The Boy in the Striped Pyjamas

The Boy in the Striped Pyjamas Review

by E. Stevens

Rating: 4 out of 5.

‘A great example of an incredibly successful adaptation of a novel; it keeps the message of the book whilst altering enough things to make it work as a motion picture.’

Director: Mark Herman

Cast: Asa Butterfield, David Thewlis, Vera Farmiga & Jack Scanlon

Synopsis: Bruno, the son of a Nazi soldier, moves with his family from their home in Berlin to the countryside. Whilst exploring his new surroundings, Bruno befriends a Jewish boy named Shmuel who he meets across a barbed-wire fence.

Review: The story opens with the protagonist, a young boy named Bruno, playing with his friends near his home in Berlin during the Second World War. We learn that his father is a soldier who he, his mother and his sister think the world of. When his father is promoted, the family leave their home in Berlin and move to an ominous looking house in the German countryside. Bruno and his sister are lonely at first, as the only entertainment are lessons with a strict professor and a tyre swing in the drab yard, but soon Bruno begins to explore his surroundings beyond the garden. He soon befriends a boy his age, named Shmuel, who lives on what appears to be a nearby farm, surrounded by a barbed-wire fence. However, soon his parents are arguing, and his sister has become a completely different person, leading Bruno and Shmuel to hatch a daring plan to meet properly face-to-face.

This was one of the most thought-provoking and emotional films, I have ever experienced. The details that Herman includes to really make the viewer think which combined with the excellent acting and cinematography create an outstanding movie that is completely worth the praise it has received. It is also a great example of an incredibly successful adaptation of a novel; it keeps the message of the book whilst altering enough things to make it work as a motion picture.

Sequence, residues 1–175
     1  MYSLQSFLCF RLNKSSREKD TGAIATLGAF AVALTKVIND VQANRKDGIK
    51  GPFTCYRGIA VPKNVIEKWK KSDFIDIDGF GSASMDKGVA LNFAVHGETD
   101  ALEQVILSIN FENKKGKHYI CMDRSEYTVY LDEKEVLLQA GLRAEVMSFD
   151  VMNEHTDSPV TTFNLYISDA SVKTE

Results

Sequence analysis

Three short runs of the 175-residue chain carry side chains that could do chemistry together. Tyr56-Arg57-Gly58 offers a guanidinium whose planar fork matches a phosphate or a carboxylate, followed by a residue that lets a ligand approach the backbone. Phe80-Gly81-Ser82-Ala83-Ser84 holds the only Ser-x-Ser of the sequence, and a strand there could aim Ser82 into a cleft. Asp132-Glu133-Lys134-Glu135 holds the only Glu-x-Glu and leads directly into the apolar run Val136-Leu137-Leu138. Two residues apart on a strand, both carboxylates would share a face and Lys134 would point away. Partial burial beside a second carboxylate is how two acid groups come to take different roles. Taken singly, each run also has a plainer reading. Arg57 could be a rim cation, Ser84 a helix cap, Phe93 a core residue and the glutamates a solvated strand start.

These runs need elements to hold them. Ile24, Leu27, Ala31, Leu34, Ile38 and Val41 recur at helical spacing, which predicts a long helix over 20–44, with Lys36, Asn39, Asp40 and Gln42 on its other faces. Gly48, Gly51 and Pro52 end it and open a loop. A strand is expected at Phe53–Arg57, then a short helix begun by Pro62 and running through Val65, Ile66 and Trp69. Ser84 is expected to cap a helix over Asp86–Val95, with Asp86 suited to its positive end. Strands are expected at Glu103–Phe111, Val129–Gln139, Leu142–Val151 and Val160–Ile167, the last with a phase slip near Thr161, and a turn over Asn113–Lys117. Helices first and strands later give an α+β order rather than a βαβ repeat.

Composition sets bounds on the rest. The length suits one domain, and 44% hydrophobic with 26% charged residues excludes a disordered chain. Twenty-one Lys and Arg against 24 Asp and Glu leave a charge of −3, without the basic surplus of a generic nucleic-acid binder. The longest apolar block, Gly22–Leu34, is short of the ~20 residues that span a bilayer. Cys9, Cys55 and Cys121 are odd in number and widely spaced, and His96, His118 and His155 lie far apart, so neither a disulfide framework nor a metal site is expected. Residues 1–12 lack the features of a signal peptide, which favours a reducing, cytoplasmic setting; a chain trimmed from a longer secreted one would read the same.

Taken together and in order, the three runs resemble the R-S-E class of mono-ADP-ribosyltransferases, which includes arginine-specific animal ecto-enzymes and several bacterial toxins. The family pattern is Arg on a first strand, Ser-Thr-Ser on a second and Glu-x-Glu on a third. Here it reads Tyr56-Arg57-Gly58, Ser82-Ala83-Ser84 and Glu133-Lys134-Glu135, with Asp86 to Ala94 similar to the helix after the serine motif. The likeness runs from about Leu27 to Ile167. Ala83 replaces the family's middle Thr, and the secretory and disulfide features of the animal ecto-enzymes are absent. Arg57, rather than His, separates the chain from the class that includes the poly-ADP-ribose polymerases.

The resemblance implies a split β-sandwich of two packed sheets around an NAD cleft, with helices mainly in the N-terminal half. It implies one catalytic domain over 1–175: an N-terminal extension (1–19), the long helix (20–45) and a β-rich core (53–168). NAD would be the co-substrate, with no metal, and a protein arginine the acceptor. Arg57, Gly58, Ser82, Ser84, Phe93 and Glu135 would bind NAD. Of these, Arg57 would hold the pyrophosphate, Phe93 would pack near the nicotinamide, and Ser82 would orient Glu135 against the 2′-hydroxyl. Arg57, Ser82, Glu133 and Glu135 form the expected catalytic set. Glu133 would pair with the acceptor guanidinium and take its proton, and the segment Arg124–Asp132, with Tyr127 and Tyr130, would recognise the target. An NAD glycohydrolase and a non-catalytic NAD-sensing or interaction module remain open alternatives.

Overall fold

The tone of this film perfectly encapsulates the horror of the Second World War, and combined with the innocence of a young child’s outlook on life makes the heart-breaking message of the film even more painful. From the very beginning this mood is established, with the powerful scene of Bruno and his friends running past a group of people being arrested by Nazi soldiers, completely oblivious to the horrors on their doorstep. This is one of the most memorable images that sticks in the viewer’s head from the start. Overall, although this film handled an incredibly serious topic, I would highly recommend it.

The Boy with the Striped Pyjamas is currently available on BBC iPlayer and was rated 12 by the BBFC.

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